جهت گیری ارزیابی فردی در اختلال شخصیت مرزی
|کد مقاله||سال انتشار||مقاله انگلیسی||ترجمه فارسی||تعداد کلمات|
|33096||2009||7 صفحه PDF||سفارش دهید||محاسبه نشده|
Publisher : Elsevier - Science Direct (الزویر - ساینس دایرکت)
Journal : Behaviour Research and Therapy, Volume 47, Issue 5, May 2009, Pages 359–365
Background The cognitive theory of personality disorders hypothesizes that the emotional dysregulation and interpersonal problems in individuals with borderline personality disorder (BPD) are, at least partially, caused by dysfunctional cognitive schemas. These schemas lead to biased evaluation of environmental and interpersonal stimuli. Method This study examined the interpersonal evaluations of individuals with BPD, depressive and healthy control participants with the thin-slice judgments paradigm. Participants were asked to evaluate six persons in six film clips, which showed these persons for 10 s, during which these persons entered a room and took a seat. Interpersonal style of the BPD group was investigated with the Inventory of Interpersonal Problems (IIP-C) questionnaire. Results Individuals with BPD judged the persons as being more negative and aggressive and less positive than the healthy participants, and more aggressive than the depressive individuals. In addition, individuals with BPD reported more extreme interpersonal behavior relative to the controls. Conclusions The findings indicate an aggressivistic evaluation bias and elevated levels of interpersonal problems in individuals with BPD as suggested in the cognitive theory.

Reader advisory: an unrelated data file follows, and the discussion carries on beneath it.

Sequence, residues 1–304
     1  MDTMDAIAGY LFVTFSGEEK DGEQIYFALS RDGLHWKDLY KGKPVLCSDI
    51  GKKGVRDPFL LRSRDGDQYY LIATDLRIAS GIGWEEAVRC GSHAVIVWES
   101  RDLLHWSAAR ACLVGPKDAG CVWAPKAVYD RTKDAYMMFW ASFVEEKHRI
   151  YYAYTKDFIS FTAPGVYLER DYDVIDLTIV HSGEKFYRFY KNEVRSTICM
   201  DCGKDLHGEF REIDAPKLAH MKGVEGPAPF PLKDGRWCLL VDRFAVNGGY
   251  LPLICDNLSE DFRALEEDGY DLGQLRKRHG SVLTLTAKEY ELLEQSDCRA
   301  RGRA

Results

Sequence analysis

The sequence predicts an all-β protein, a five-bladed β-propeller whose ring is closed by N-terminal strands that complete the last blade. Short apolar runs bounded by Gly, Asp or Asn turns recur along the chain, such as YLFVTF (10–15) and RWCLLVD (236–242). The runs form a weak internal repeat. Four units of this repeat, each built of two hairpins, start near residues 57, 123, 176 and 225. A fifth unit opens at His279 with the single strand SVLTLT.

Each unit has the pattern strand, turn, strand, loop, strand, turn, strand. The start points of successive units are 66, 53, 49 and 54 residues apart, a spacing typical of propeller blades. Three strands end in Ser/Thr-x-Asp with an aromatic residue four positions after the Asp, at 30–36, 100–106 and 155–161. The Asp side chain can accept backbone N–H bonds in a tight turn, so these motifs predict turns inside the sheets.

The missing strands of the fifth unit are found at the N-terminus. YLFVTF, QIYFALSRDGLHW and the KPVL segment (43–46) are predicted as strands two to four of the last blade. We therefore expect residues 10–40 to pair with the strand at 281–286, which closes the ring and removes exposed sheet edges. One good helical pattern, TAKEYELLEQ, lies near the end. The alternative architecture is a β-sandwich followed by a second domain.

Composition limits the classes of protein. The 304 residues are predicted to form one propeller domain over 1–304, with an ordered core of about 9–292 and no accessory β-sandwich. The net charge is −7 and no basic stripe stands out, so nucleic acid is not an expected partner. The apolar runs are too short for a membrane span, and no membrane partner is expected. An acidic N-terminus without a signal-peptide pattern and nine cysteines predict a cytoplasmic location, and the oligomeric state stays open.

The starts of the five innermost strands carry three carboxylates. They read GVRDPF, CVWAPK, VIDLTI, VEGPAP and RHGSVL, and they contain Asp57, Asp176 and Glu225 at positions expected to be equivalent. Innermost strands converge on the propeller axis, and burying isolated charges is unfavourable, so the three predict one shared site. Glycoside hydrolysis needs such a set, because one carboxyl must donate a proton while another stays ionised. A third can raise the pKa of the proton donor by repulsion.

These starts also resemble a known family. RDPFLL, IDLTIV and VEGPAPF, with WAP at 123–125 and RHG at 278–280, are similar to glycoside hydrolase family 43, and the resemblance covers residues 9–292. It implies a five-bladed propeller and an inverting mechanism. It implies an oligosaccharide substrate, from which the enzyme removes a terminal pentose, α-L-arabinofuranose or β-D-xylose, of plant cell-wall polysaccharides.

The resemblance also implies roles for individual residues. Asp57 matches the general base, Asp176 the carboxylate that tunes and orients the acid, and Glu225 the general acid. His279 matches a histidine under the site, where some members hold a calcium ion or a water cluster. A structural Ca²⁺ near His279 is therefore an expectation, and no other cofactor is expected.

Borderline personality disorder (BPD) is characterized by marked problems in emotion regulation, impulsivity and poor interpersonal relationships (American Psychiatric Association, 2000). The cognitive theory of personality disorders (PDs) hypothesizes that these problems are at least partly caused by cognitive schemas leading to biased evaluation and interpretation of environmental stimuli (Beck and Freeman, 1990 and Beck et al., 2004). Beliefs or schemas are thought to be basic processing units that are organized according to their functions and content. A schema is considered hypervalent when the threshold for its activation is low and when it can be triggered by remote or trivial stimuli (Beck et al., 2004). For example, the hypervalent schema “The world (and others) are dangerous” would lead to biased information processing where a person interprets neutral situations as dangerous, feels anxious, and wants to get away. Three basic schemata are thought to play a central role in BPD: “The world is (and others are) dangerous and malevolent”, “I am powerless and vulnerable”, and “I am inherently bad and unacceptable” (Arntz, 2004 and Pretzer, 1990). Several authors have tested the hypothesis that BPD is characterized by these beliefs. For example, Dreessen and Arntz (1995) developed the Personality Disorder Belief Questionnaire (PDBQ) with beliefs from the Appendix of Beck and Freeman (1990) and additional BPD specific beliefs. A set of six beliefs appeared typical for BPD. These beliefs were characterized by loneliness, unloveability, rejection and abandonment by others, viewing the self as bad, and feeling they need to be punished; themes which all correspond with Pretzer's three basic schemas for BPD. Recently, Butler, Brown, Beck, and Grisham (2002) developed a BPD beliefs scale including 14 items (e.g., “I cannot trust other people”, “People will take advantage at me if I give them the chance”, “A person whom I am close to could be disloyal or unfaithful”) that discriminate between BPD patients and persons with other PDs. Using the World Assumption Scale, Giesen-Bloo and Arntz (2005) provided additional evidence for the three dominant beliefs in individuals with BPD. They suggested that these beliefs were associated with the severity of the borderline psychopathology. Basic schemata in BPD have also been investigated with projective approaches such as the Thematic Apperception Test (TAT), while others have relied on narrative data to assess evaluation bias in BPD patients (e.g., Nigg et al., 1992, Segal et al., 1993, Stuart et al., 1990, Westen et al., 1990 and Westen et al., 1990). Some studies also asked patients with BPD to evaluate their current relationships, e.g., with relatives (Benjamin and Wonderlich, 1994 and Stern et al., 1997). Other authors used standardized stimuli, but non-standardized, free response formats. For example, Arntz and Veen (2001) presented film characters in 10-minute film clips with emotional themes such as abandonment, rejection, and abuse and asked borderline and control participants for their spontaneous evaluations. Wagner and Linehan (1999) studied facial expression recognition in BPD with standardized slides of emotional faces and free responses. In general, these studies demonstrated that individuals with BPD evaluated others as being more malevolent and hostile relative to individuals with other and no mental disorders, results that are consistent with the hypotheses of the cognitive model on BPD. However, as the stimuli and/or response formats of studies were not standardized, these studies leave much room for confounding factors. On the other hand, standardized stimuli may be rather artificial. The use of schematic faces or pictures as stimuli neglects the fact that in everyday life people process a wide range of stimuli, including facial expression, behavior, and social context. Indeed, a fleeting glimpse or mere glance can lead to an instantaneous evaluative judgment. The present study therefore assessed evaluation bias with the “thin-slice judgments” paradigm, in which participants have to evaluate brief excerpts of behavior (Ambady, Shih, Kim, & Pittinsky, 2001): stimuli which are both standardized and ecologically valid. In our study we used silent film clips of about 10 s, which showed a person entering a room and taking a seat. Previous work has demonstrated that the thin slices method provides reliable information about a range of psychological constructs, including dispositional characteristics and social relations (for a review Ambady, Bernieri, & Richeson, 2000), possibly because the judgments are based on relatively automatic processes (Ambady and Rosenthal, 1992, Bargh, 1994 and LeDoux, 1996). Furthermore, most of the aforementioned studies did not control their results for comorbid psychopathology. Negativistic information processing biases are thought to be particularly characteristic of depression (e.g., Beck, 1976 and Bower, 1981), an assumption supported by several empirical studies. For example, Gotlib et al. applied an emotion face dot-probe, emotional Stroop and recall task, and demonstrated disorder- and content-specific negative attentional and recall biases in depressed individuals (e.g., Gotlib et al., 2004 and Gotlib et al., 2004). Considering the high prevalence of major depressive disorder (MDD) in BPD (e.g., lifetime diagnosis of 90%; e.g., Barnow et al., 2007), controlling for the presence of depression seems especially important in studies on evaluation bias in BPD. Studies on evaluations in BPD with non-standardized stimuli that did control for depression suggested that negative evaluation biases are even stronger in patients with BPD than in depressive (non-BPD) patients (e.g., Baker et al., 1992, Benjamin and Wonderlich, 1994, Segal et al., 1993, Stern et al., 1997, Stuart et al., 1990, Westen et al., 1990 and Westen et al., 1990). One explanation for this finding would be that BPD is characterized by histories of childhood traumata such as sexual abuse, physical abuse, and neglect (e.g., Barnow et al., 2005, Zanarini, 2000 and Zanarini and Frankenburg, 1997) which have been linked to malevolent views of others (e.g., Arntz et al., 1999 and Beck et al., 2004). Thus, besides applying a standardized and ecologically valid assessment of evaluation bias, this study also included a (non-BPD) depressive group to control for the effect of depression on interpersonal evaluation bias in BPD. A final limitation of the aforementioned studies is that none of these studies included an examination of interpersonal behavior of individuals with BPD, although the cognitive theory suggests a close link between evaluative processes and interpersonal behavior (Beck et al., 2004). Interpersonal problems are one of the dominant characteristics of BPD (American Psychiatric Association, 2000) and the effect of these difficulties can be profound. However, despite the centrality of interpersonal problems to clinical descriptions of BPD pathology, there is a lack of empirical research investigating the interpersonal behavior of individuals with BPD. In clinical settings, individuals with BPD often report conflicted relationships, intense outbursts of interpersonal hostility, over-control of anger, quarrelsomeness, and submissiveness (Gunderson, 1996, Gunderson, 2001, Horowitz, 2004 and Linehan et al., 1994). A recent study investigating affective experience and interpersonal behavior of individuals with BPD (Russel, Moskowitz, Zuroff, Sookman, & Paris, 2007) found elevated levels of submissive and quarrelsome behavior, reduced levels of dominant behavior, and overall more extreme behavior relative to non-clinical control participants. We therefore decided to consider interpersonal behavior in our study. In sum, this study tested three hypotheses. Firstly, we hypothesized that BPD is characterized by a negativistic interpersonal evaluation bias. We expected that individuals with BPD would view others as having less positive, more negative, and more aggressive traits than non-BPD participants with current depression and healthy control subjects. We also expected a smaller contrast with the depressive control group than with the healthy control group, as depressive individuals are characterized by negativistic biases as well. Secondly, we assumed that an aggressivistic interpersonal evaluation bias would characterize BPD in particular. We expected more negative evaluations for aggressive traits than for non-aggressive negative and positive traits in BPD group, but not in the control groups. This hypothesis is based on the association between BPD, childhood trauma and malevolent views of others. Thirdly, we hypothesized that BPD is characterized by more extreme interpersonal behavior. More specifically, we expected that the BPD group would show lower degrees of affiliation and dominance and higher degrees of hostility, social avoidance and submissiveness than the control groups.